Cities are emptied out. We’re talking about an event where millions of people probably died. Children everywhere suddenly find themselves orphaned and misplaced from the society they were born into. Re-education efforts are underway in London and practically every major city on earth.
MOST PEOPLE today are kept unaware of the fact that there were a series of laws passed into effect in the 1800’s, whereas unwed mothers were coerced to hand over their children to authorities. Thousands upon thousands complied—but why? The official explanation often falls upon the shame of immorality, mixed with the toxic blend of Industrialization workhouses.
Accordingly, they wanted to escape and make a better life for themselves, so they abandoned their children to child labor institutions and re-education centers.
At the Foundling hospital in London, an estimated 4,500 women handed over their children. And that’s just one hospital. There were as many as four Foundling Asylums in New York City alone, in which they were collectively turning over a thousand babies annually.
By 1847, the number of child migrants who had been identified as orphans in Canada were unprecedented4. Though Grosse-Île in Quebec usually managed 10 orphans per year, they were overrun with more than a hundred in less than a month, and by year-end, thousands had arrived.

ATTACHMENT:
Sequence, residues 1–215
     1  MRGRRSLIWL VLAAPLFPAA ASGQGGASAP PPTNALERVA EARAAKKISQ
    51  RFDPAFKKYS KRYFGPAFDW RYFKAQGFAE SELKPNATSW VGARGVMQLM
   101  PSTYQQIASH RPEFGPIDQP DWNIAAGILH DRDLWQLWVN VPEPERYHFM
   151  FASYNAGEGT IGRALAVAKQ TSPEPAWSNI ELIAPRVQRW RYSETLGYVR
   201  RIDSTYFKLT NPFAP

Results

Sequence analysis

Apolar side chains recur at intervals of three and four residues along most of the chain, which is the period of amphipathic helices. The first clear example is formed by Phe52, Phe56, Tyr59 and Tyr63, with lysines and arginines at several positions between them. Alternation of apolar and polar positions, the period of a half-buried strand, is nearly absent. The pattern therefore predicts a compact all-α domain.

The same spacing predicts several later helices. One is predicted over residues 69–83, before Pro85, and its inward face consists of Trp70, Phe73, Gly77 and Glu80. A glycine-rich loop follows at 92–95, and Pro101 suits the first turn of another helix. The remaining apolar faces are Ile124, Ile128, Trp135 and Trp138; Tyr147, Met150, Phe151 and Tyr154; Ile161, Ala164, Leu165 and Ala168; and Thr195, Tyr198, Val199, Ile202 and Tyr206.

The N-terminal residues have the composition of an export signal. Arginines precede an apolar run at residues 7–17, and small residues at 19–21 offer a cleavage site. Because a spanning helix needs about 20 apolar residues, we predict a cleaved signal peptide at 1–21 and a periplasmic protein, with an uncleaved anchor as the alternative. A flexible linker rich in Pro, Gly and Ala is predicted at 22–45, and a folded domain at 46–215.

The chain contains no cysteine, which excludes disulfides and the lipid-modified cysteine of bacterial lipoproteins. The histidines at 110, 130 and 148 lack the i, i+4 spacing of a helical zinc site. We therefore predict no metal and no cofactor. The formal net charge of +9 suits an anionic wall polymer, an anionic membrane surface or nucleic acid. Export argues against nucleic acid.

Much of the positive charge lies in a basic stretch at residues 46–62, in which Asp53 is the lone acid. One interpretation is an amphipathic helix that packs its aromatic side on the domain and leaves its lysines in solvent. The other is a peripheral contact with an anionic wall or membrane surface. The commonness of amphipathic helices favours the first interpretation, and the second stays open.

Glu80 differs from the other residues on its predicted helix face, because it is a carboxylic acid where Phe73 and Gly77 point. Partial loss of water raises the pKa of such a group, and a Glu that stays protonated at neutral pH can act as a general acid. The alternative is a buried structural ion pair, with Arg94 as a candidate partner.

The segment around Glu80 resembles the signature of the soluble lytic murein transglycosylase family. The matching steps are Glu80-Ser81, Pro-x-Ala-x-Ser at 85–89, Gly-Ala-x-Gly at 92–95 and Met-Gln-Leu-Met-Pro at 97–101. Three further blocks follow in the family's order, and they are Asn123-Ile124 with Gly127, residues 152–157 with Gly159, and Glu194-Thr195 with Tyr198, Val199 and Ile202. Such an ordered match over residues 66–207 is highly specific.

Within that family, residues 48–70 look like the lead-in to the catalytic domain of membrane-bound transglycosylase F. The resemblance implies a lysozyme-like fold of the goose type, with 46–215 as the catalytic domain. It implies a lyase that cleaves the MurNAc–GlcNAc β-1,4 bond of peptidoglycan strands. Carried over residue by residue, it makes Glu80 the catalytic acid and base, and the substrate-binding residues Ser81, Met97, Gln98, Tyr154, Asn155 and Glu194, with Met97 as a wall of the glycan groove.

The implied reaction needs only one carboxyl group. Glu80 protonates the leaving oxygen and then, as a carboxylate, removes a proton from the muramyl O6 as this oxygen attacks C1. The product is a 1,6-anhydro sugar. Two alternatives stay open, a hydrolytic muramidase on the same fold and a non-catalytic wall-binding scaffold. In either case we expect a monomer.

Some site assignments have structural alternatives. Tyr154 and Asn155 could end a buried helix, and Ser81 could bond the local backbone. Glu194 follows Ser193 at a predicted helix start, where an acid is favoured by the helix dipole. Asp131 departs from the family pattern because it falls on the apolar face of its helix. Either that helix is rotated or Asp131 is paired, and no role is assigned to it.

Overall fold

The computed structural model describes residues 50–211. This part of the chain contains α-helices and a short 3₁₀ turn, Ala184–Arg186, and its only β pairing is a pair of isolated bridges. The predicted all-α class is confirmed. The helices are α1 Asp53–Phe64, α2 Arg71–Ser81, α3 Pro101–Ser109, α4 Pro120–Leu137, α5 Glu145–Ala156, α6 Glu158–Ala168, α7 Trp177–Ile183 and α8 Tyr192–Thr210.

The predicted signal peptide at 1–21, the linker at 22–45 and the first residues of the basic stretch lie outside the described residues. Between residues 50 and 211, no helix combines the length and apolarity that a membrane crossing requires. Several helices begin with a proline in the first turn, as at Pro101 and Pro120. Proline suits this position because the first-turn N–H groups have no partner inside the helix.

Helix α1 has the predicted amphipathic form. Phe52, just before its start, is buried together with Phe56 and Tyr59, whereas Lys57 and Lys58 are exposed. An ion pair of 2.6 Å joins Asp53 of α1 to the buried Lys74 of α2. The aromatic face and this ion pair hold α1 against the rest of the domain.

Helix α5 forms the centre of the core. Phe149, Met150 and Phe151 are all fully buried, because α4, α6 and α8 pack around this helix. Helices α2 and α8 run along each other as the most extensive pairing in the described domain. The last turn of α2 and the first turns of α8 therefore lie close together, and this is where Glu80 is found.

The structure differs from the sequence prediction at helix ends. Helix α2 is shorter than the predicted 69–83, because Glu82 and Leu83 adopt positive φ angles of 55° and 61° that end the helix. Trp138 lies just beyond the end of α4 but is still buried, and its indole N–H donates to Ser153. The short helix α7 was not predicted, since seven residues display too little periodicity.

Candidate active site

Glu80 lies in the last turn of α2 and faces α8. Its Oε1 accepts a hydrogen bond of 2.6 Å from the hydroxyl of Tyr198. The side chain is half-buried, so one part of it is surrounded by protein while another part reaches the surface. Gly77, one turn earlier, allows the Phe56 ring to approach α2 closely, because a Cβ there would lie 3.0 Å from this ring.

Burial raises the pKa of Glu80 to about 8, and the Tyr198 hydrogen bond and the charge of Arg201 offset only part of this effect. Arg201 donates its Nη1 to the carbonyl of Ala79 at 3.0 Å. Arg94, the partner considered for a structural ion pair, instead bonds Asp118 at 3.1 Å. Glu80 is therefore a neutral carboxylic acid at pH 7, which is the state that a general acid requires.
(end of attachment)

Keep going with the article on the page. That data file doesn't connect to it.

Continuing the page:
Italy fared no better. Infants were deposited into foundling homes in scathing numbers. The trend started as early as the 1930’s, when as many as 32,000 infants were reported per year2. Nearby Spain and Portugal saw as many as 15,000 annual foundlings each. That number exceeded 35,000 per year within two decades so that Italy had over 1,200 locations where newborns could be dropped off.
Before 1860, some 374,000 recorded infants rounded the turnstiles in Milan, Naples, and Florence alone.
By 1887, foundling homes in St. Petersburg and Moscow began receiving over 27,000 babies on their doorstep. Historian David L. Ransel records that Moscow was receiving between 16,000 and 18,000 infants annually by the 1880’s, and sending over 10,000 of these each year to outlying villages for care.